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Friday, June 14, 2024

Ghost Mode: Lagos Governor Ambode Silences Sirens In his Convoy

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Governor Akinwunmi Ambode of Lagos State has opted out of the use of sirens by his official vehicles, his reason being that he does not want to harass Lagosians with their use.

PM News reports that since he assumed office a week ago, the Lagos State Governor’s motor convoy has not used sirens, preferring to stay in traffic rather than clear a path with the siren.

According to the Governor’s Chief Press Secretary, last week while on his way to the airport, Mr. Ambode remained in the heavy traffic on Obafemi Awolowo Way, Ikeja for about 30 minutes, refusing to use the sirens to clear a path through the traffic as vehicles allowed to use sirens in Nigeria usually do.

“In fact, last Tuesday, when the governor was going to the airport to travel to Abuja, he was held up in traffic on Awolowo Way, Ikeja for about 30 minutes. He did not use the siren to pave way for himself.

“He just remained in the traffic patiently for 30 minutes. People who saw him in the traffic were hailing him for being a good example and wished him well,” Aruna said.

Mr. Aruna said that the governor feels that the use of sirens is a form of intimidation of other road users and was oppressive, the focus of the Governor being to deliver good governance to the people of Lagos State.

According to him, Governor Ambode had made it clear to his assistants that he would tolerate anyone in his convoy blaring sirens, this on the basis that he was elected to serve the people and not to lord it over them.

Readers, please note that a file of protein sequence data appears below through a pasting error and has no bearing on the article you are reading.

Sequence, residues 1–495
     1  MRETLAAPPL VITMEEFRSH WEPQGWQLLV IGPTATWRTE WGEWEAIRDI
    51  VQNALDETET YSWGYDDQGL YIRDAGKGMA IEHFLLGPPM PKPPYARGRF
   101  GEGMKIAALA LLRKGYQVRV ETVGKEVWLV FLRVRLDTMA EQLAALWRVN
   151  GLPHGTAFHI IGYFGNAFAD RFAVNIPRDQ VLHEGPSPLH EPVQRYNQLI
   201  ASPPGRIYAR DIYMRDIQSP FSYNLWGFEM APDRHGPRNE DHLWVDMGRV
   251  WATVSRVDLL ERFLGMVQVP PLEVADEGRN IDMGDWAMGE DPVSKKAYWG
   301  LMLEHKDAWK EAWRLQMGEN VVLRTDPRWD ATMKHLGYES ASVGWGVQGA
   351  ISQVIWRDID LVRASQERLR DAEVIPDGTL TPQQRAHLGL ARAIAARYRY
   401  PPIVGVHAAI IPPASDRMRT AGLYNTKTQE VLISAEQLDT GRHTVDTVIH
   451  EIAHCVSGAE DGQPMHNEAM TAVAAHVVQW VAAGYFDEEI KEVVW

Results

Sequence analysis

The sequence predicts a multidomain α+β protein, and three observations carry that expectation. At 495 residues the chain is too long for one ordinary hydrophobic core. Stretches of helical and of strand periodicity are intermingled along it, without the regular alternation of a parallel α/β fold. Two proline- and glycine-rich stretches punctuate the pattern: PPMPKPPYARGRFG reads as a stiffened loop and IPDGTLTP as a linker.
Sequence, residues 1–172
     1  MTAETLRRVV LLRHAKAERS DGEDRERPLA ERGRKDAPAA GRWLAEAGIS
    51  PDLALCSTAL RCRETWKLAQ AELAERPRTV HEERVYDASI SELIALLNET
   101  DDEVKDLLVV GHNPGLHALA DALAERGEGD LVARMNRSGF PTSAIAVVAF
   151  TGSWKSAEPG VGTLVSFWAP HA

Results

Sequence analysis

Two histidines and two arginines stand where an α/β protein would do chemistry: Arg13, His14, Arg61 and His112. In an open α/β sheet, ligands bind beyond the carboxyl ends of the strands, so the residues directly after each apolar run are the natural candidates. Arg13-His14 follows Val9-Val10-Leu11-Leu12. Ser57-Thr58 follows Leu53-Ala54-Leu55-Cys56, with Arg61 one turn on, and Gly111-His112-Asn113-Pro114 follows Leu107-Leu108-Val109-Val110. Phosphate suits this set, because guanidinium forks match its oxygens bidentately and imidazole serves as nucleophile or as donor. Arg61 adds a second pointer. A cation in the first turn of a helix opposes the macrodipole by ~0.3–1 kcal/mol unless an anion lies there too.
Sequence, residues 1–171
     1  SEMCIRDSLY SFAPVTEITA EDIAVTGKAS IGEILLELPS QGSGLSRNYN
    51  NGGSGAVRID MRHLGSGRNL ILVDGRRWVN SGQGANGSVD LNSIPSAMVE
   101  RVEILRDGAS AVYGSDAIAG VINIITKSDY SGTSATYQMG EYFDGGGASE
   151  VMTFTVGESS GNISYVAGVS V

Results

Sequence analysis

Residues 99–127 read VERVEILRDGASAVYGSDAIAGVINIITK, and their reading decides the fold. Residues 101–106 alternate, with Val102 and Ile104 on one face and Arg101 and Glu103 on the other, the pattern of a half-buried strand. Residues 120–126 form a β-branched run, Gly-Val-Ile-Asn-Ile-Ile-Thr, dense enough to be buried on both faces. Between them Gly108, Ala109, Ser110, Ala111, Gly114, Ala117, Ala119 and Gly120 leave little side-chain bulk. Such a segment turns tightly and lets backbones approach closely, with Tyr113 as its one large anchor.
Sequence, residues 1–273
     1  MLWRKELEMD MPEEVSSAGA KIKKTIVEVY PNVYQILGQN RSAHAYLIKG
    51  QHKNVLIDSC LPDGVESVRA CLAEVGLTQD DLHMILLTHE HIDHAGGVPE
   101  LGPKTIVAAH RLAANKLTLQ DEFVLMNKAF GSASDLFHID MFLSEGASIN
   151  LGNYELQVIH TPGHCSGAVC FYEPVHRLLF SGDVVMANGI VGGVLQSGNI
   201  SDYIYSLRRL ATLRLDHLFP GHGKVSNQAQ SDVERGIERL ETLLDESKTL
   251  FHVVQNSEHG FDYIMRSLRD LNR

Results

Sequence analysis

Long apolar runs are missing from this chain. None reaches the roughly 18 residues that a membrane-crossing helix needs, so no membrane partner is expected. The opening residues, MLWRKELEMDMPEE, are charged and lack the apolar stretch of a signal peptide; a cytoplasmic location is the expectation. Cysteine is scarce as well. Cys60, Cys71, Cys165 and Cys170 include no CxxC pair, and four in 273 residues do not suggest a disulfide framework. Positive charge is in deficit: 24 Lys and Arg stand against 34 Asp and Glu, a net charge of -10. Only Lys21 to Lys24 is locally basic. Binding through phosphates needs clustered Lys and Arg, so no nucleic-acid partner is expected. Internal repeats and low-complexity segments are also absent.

When asked why the governor had abandoned the use of sirens, he said this was the style the governor had chosen to adopt in governing Lagos State and assured that in the next four years, the governor’s convoy would not make use of the sirens.

Former Governor, Babatunde Fashola had adopted the same policy of silent movement as he also did not use sirens all through his eight year tenure as governor.

Sirens In Nigerian are symbolic of impunity and disregard for the populace by political office holders and the armed services, especially governors and the other political office holders. The police or soldiers or other armed groups barging through traffic at breakneck speed sometimes wielding whips to flog motorists who do not get out of the way in time.

However there is an historical note and a security aspect to the siren issue. The late General Muritala Mohammed, one of Nigeria’s most beloved leaders also adopted the no siren policy and was killed at the age of 37 when he stopped in traffic on his way to work on February 13, 1976. However Muritala’s car was not bullet proofed and he had no armed escorts.

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